Holton Cultural Consequences

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ANNALS, AAPSS, 570, July 2000
GLOB AL IZA TION’S CUL TURAL CON SE QUENCES THE ANNALS OF THE AMER ICAN AC A DEMY

Globalization’s Cultural Consequences
By ROBERT HOLTON
ABSTRACT: Globalization has been associated with a range of cultural consequences. These can be analyzed in terms of three major theses, namely, homogenization, polarization, and hybridization. The homogenization thesis proclaims that global culture is becoming standardized around a Western or American pattern. While some evidence supports this view, the presence of cultural alternatives and resistance to Western norms suggests that polarization provides a more convincing picture of global cultural development. Global interconnection and interdependence do not necessarily mean cultural conformity. Culture, it seems, is harder to standardize than economic organization and technology. Yet the idea of polarization has its limits, too. The hybridization thesis argues that cultures borrow and incorporate elements from each other, creating hybrid, or syncretic, forms. Evidence to support this view comes mainly from popular music and religious life. The cultural consequences of globalization are therefore diverse and complex.

Robert Holton is professor of sociology at Flinders University of South Australia. He is author of a number of books on social theory, historical sociology, and immigration. His most recent publication is Globalization and the Nation-State (1998). In 1995, he was elected to a fellowship of the Academy of the Social Sciences in Australia.

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GLOBALIZATION’S CULTURAL CONSEQUENCES

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E clearly live in an epoch of rapid social change, where capital, technology, people, ideas, and information move relentlessly across the inherited map of political borders and cultural boundaries. Cross-border processes such as interregional trade, population migration, technological diffusion, religious conversion, and military conquest are not new (McNeill 1986). Globalization as it stands in the year 2000 has clearly built upon pre vi ous upswings of cross-border activity and internationalism, including the much-cited phase of global expansion that culminated in 1913. The distinctiveness of contemporary global change is nonetheless connected with new forms of integration and interdependence between the various parts of the globe. In te gra tion and in ter de pen dence now have an intensified spatial and temporal dimension to them, something lacking in the pre-1913 developments. This may be referred to usefully as the compression of space and time (Harvey 1989). In for ma tion technology has meant not only the obliteration of the tyranny of distance but also the creation of a global virtual reality, in which time presents no fundamental barrier to social exchange. The present epoch may justly be termed the age of globalization. And yet there is much about the dynamics of and limits to globalization that remains unclear. This is especially true of the relationship of globalization to cultural life, which is my theme in this article. Concerning this rela tion ship, most atten tion has been given to the question of the conse quences of glob al iza tion for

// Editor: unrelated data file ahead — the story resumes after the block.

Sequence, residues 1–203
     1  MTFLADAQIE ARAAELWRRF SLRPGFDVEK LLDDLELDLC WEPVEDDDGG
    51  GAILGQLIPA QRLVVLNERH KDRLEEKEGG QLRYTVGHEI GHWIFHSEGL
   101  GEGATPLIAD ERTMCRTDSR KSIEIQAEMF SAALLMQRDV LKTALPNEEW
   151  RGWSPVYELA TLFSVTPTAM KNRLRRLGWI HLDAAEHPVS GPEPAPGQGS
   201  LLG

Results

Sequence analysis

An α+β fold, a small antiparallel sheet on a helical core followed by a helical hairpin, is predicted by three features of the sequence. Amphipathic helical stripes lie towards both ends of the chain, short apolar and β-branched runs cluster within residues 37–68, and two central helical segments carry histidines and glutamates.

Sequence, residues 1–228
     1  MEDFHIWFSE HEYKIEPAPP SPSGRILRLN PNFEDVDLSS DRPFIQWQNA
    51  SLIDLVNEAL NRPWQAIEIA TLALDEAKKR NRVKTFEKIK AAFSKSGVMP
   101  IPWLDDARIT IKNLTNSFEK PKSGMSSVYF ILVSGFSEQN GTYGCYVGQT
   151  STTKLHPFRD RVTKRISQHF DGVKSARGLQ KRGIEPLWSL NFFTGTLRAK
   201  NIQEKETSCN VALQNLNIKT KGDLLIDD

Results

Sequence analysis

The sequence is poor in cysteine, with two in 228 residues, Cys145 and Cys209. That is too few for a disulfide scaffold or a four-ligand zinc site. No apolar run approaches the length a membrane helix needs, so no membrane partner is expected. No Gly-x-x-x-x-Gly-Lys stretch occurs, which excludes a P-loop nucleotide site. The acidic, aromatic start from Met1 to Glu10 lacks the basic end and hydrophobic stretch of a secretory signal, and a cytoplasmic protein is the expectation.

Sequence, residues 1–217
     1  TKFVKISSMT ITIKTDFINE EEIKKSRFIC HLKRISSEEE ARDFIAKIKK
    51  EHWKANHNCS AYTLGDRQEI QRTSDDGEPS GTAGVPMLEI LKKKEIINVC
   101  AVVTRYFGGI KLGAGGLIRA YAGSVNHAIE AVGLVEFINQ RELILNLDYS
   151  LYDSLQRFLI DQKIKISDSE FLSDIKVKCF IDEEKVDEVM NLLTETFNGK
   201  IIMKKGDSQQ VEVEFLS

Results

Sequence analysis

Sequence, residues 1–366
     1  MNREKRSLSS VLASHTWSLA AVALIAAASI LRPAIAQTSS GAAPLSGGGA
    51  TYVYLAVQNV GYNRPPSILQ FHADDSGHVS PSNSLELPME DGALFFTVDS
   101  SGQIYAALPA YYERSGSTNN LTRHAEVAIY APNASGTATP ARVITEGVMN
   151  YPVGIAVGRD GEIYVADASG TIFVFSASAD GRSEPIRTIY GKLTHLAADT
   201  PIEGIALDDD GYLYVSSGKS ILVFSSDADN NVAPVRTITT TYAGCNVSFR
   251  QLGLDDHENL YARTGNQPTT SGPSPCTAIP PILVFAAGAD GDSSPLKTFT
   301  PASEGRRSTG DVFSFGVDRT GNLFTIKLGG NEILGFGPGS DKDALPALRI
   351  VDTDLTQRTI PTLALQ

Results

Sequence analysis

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culture, and rather less to the issue of cul tural causes of glob al iza tion. Closer scrutiny of debates about conse quences reveals an unre solved argument between three basic positions: the homogenization thesis, in which globalization leads to cultural convergence; the polarization thesis, which posits cultural wars between Western globalization and its opponents; and, finally, the hybridization, or syncretism, thesis, in which globalization encourages a blending of the diverse set of cultural repertoires made available through cross-border exchange. The debate between these positions, as it currently stands, is long on speculative advocacy and s h o r t o n e m p i r i c a l depth or substantiation. In sorting out this debate, it is well to recall Raymond Williams’s comment that...
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